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Electrical and Electronics Engineering: An International Journal (ELELIJ) Vol 4, No 2, May 2015

VOLTAGE DEPENDENT LOAD IN POWER FLOW


ANALYSIS
Nitesh Kumar Lal1 and Dr. Samina Elyas Mubeen2
1
Department of Electrical and Electronics Engineering, Radharaman Engineering College
Bhopal, India
2
Head of Department of Electrical and Electronics Engineering, Radharaman Engineering
College Bhopal, India

ABSTRACT
Conventional load flow methods model the load at the buses as constant active and reactive powers. In
actuality these can be constant current, constant impedance, constant power or any combination of these
types of loads. In this paper attempt has been made to change the load flow mathematical formulation in
order to incorporate the models of constant impedance and constant current type of load in addition to
conventional constant power one at a time. The changed load flow formulation is tested on standard 5- bus
system and the results are presented here.

KEYWORDS
Constant current loads, Constant impedance loads, Constant power loads, Voltage sensitive loads.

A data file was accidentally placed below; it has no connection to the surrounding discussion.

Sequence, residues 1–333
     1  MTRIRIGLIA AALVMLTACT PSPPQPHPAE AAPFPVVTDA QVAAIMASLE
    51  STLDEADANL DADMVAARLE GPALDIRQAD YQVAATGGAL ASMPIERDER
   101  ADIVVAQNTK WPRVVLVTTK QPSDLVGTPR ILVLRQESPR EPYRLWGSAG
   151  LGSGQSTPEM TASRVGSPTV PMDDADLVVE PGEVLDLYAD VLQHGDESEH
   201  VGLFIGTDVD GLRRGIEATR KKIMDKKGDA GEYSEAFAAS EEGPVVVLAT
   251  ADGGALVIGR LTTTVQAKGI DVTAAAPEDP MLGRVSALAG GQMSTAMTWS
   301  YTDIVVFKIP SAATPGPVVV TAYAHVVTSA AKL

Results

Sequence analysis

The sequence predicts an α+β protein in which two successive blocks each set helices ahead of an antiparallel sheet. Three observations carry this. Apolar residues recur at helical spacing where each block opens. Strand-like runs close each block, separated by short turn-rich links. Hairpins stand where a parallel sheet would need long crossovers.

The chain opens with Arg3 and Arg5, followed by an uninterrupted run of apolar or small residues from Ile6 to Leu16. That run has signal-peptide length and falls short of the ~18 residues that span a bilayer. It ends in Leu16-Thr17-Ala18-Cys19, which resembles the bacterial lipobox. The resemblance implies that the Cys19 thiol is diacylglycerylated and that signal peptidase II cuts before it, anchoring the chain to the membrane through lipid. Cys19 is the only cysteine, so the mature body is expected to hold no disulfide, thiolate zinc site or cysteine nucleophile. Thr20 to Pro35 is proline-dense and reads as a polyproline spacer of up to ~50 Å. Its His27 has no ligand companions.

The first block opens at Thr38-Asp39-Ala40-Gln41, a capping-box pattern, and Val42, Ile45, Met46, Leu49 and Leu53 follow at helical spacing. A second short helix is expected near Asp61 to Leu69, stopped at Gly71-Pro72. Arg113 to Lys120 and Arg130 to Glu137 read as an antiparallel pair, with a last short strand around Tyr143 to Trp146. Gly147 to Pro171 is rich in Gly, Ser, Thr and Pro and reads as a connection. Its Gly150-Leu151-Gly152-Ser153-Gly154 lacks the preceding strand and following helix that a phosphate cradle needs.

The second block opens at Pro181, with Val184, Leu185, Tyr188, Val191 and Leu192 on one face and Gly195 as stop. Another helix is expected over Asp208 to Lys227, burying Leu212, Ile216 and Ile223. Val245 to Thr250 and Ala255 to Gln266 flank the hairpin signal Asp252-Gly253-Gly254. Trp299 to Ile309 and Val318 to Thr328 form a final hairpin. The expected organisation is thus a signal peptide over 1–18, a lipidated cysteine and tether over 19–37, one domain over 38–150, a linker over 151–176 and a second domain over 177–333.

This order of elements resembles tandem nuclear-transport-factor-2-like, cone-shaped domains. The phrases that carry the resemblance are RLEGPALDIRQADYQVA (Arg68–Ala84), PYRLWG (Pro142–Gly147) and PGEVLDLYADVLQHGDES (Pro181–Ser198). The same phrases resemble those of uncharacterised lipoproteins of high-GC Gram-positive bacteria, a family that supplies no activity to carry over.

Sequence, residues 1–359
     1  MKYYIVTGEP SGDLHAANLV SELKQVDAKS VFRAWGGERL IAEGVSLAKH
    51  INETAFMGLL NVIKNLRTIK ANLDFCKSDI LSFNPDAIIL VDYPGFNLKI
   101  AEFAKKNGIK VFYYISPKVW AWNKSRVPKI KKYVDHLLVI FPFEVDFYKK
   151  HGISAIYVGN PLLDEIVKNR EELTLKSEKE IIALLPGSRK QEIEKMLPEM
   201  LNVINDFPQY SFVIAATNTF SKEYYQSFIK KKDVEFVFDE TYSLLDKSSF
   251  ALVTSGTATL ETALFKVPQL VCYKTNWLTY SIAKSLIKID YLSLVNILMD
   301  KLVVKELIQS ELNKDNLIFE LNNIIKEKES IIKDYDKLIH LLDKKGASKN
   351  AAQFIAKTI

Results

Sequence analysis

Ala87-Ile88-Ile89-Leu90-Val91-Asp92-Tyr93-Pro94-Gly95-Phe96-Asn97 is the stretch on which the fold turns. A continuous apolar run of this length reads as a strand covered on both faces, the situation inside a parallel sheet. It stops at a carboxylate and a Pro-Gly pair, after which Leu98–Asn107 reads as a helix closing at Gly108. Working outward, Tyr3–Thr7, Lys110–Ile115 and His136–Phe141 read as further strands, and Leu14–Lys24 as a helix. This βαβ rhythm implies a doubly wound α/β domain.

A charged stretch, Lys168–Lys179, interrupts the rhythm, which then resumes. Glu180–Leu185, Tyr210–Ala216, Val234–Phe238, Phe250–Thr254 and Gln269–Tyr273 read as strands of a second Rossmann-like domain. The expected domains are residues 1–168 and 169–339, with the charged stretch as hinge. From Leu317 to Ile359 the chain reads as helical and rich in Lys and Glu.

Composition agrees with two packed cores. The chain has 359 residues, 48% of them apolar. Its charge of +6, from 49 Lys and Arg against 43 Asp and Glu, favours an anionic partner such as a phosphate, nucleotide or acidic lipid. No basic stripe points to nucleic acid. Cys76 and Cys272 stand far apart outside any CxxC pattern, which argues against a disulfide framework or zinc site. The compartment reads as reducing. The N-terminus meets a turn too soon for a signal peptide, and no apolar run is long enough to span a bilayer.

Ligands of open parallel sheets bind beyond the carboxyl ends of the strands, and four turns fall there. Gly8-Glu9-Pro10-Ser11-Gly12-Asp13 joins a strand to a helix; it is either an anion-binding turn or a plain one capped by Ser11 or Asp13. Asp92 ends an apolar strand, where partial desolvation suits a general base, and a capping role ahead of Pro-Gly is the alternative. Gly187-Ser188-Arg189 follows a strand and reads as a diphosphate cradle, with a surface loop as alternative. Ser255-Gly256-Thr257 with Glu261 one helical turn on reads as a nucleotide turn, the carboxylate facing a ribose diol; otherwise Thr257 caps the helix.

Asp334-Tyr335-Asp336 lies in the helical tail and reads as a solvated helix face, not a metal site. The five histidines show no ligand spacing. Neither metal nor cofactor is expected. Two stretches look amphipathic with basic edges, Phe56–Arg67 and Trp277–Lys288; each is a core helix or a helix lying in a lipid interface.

1. INTRODUCTION

The load flow studies are performed for power system planning, operation, and control. Load
flow studies data are also used for contingency analysis, outage security assessment, as well as for
optimal dispatching and stability. The load flow problem has received more attention than all the
other power system problems combined. [1]

Load flow calculations provide power flow and voltage for a specified power system subjected to
the regulating capability of generators, condensers and tap changing under load transformers as
well as specified net interchange between individual operating system [2].

In conventional load flow studies, it is presumed that the active and reactive power demands are
specified constant value, independent of the voltage value. Though in actuality, the various kind